Monday, August 22 · 7:00pm – 9:00pm
Location:

Friends Meeting House
4836 Ellsworth Avenue
Pittsburgh, PA

Join the Human Rights Coalition and the American Friends Service Committee in a discussion on how people in prison are resisting abuse, neglect, and oppression.

Hear their stories of organized resistance! From the Pelican Bay Prison Hunger Strike in California, which lasted 3 weeks and involved over 6,600 prisons, to the Attica Prison Uprising and the December 2010 Georgia Prison Strike!

Learn about similar conditions of repression and resistance in PA prisons!

Meet family members who have struggled with their loved ones in prison!

Find out how YOU can support these amazing people and be a part of the fight to end torture and abuse!

Bring your thoughts, ideas, and spirits of resistance!

For more info: http://prisonerhungerstrik​esolidarity.wordpress.com/
Hosted by HRC-Fed Up! and AFSC-Pittsburgh

Still Prosecuting People of Conscience

Let’s gather in community with Josh the night before the court appearance for his November arrest at Ft. Huachuca, for music, refreshments and a roundtable discussion on why we need to continue to protest torture – April 22 at 7 p.m. at Southside Presbyterian Church (address below).  And if you’re able, please come to court as well –

Ft. Huachuca protester Joshua Harris, from Santa Barbara, California, will appear on Friday, April 23 at 9:30 a.m. in U.S. District Court, Tucson, Arizona.  He intends to enter a change of plea and expects to be sentenced that day.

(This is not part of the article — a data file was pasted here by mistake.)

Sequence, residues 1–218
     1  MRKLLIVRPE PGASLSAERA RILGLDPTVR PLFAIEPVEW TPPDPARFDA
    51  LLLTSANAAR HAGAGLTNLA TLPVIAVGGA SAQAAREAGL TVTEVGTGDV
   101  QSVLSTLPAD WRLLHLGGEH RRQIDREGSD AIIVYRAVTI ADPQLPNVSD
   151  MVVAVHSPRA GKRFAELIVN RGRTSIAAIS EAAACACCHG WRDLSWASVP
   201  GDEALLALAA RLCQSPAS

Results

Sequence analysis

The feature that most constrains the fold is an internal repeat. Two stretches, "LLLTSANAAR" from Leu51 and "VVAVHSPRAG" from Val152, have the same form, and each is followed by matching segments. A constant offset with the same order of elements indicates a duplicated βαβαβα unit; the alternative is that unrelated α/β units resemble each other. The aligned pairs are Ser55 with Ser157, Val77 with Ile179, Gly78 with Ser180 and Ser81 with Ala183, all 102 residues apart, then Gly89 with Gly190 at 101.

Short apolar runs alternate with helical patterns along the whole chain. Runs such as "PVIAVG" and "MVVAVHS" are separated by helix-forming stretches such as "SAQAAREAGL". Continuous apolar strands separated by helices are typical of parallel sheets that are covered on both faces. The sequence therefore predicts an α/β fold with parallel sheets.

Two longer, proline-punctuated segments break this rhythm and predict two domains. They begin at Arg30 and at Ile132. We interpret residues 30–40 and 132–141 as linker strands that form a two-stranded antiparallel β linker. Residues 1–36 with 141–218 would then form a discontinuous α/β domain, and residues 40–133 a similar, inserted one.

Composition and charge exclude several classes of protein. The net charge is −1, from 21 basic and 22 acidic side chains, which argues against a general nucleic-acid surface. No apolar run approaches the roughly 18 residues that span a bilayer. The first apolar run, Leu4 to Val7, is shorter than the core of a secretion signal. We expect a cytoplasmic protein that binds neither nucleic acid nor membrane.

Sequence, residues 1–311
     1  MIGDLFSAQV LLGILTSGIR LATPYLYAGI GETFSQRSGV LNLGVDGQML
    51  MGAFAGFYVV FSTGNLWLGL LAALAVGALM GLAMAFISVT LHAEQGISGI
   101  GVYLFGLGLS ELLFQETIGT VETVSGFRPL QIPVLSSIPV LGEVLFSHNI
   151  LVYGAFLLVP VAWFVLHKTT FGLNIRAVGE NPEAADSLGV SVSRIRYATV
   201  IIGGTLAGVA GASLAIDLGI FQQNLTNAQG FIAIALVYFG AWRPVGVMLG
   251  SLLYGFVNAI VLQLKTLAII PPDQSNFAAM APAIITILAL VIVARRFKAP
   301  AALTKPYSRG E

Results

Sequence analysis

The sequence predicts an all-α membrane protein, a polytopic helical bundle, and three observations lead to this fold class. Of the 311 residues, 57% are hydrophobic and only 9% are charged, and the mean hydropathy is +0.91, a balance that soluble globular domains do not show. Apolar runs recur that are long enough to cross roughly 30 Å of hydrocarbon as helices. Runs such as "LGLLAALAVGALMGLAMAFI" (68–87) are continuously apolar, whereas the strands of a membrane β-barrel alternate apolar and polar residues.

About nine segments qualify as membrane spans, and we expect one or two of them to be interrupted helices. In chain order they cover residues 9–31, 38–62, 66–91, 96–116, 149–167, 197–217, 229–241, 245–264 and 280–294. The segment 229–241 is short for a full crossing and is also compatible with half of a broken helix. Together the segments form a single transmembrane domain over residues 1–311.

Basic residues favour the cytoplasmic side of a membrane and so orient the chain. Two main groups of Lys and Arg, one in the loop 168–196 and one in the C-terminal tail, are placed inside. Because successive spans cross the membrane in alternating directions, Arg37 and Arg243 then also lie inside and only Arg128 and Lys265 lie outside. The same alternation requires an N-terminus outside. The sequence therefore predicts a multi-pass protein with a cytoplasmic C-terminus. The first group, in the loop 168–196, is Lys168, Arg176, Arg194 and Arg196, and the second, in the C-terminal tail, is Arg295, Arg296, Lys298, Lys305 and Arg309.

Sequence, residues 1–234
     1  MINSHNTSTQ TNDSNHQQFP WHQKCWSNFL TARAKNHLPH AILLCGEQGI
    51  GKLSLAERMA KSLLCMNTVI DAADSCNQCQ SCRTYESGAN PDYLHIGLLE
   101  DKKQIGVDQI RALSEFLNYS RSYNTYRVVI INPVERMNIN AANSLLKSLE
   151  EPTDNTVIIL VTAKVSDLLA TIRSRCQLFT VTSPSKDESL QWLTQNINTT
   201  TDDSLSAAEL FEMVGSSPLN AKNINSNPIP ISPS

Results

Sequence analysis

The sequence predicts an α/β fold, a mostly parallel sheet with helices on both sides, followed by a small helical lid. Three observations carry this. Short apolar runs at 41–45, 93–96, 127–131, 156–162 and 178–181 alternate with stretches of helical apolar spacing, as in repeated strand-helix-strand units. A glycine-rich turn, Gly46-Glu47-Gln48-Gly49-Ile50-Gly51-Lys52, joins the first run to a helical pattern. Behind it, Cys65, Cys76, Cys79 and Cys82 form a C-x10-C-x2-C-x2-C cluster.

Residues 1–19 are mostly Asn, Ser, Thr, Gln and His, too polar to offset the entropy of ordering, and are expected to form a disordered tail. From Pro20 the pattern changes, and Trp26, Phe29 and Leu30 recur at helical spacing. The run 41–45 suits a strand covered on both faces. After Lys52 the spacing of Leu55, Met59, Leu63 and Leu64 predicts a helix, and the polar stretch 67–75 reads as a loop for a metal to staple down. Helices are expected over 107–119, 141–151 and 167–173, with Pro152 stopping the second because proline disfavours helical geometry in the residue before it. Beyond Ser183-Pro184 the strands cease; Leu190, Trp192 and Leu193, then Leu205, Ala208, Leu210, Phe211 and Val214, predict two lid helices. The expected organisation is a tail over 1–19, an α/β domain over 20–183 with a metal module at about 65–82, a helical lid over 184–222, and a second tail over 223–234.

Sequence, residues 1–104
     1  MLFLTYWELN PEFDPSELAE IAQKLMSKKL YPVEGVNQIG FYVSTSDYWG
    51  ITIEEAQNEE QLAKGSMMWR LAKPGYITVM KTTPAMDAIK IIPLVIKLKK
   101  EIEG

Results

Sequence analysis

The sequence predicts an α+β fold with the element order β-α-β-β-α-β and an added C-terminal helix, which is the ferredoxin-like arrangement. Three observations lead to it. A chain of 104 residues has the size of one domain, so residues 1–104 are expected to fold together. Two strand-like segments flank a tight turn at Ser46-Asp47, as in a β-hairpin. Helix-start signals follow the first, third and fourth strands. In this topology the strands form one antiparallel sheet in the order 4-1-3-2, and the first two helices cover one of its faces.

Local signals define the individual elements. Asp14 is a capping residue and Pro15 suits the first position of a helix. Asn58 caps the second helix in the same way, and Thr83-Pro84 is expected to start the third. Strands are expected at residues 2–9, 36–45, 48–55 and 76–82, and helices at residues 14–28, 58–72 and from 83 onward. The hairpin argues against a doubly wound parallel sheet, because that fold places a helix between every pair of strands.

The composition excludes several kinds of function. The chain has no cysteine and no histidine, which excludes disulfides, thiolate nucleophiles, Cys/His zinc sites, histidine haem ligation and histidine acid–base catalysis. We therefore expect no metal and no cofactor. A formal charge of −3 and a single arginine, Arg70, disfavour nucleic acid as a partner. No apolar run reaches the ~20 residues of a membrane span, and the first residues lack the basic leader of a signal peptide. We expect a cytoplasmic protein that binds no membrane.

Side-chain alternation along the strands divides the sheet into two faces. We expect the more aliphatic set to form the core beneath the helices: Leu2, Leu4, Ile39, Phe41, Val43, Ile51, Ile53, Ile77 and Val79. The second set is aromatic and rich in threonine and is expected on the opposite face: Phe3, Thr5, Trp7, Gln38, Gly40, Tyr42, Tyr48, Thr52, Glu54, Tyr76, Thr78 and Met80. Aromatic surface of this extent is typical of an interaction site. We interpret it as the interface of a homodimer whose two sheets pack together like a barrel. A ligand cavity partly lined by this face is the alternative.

Josh was one of five protesters who entered Fort Huachuca (home of the U.S. Army Intelligence Center where interrogators are trained) on November 15, 2009 with a message for military personnel and civilian employees.  They carried a statement (see below) opposing the cruel treatment and abuse of detainees from the wars in Afghanistan and Iraq, and calling for the civilian oversight of all military interrogation practices.  The statement also condemned the used of armed drones in warfare.
All five protesters were given a formal letter barring them from entering the base for a year.  Because Josh initially refused to identify himself, instead saying he was there representing a victim of torture, he was also charged with trespass and refusing to provide a truthful name.
Please join us:
Thursday evening, April 22 at 7 p.m.
Southside Presbyterian Church, Fellowship Hall
317 W. 23rd Street, Tucson, Arizona
Let’s gather in community with Josh the night before his court appearance
Friday morning, April 23 at 8:30 a.m.
DeConcini U.S. Federal Courthouse, plaza in front of courthouse
405 W. Congress, Tucson, Arizona
Join Josh for an 8:30 a.m. circle of support before his 9:30 a.m. court appearance
Please note that you need a photo I.D. to get into the courthouse.  Cameras, pocketknives, etc. are not allowed in the courthouse.